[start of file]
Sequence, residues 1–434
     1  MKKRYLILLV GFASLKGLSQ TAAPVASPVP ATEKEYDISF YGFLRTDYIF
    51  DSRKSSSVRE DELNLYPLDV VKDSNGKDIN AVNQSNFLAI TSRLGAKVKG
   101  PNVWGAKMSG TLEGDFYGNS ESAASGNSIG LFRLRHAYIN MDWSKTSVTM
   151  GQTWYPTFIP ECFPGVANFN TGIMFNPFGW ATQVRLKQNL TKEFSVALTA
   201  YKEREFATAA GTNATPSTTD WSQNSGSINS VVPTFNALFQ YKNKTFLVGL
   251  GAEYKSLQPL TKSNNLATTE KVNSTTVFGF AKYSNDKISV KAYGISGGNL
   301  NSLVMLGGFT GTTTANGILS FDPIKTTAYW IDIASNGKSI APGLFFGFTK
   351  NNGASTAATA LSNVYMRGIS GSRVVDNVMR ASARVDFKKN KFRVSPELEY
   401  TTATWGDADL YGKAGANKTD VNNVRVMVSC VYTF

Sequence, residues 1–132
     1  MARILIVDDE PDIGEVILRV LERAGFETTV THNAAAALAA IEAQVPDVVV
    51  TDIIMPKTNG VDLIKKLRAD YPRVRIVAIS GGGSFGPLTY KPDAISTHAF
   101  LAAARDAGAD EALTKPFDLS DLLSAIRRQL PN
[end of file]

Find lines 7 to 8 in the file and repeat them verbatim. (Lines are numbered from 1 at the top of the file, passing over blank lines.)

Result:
   251  GAEYKSLQPL TKSNNLATTE KVNSTTVFGF AKYSNDKISV KAYGISGGNL
   301  NSLVMLGGFT GTTTANGILS FDPIKTTAYW IDIASNGKSI APGLFFGFTK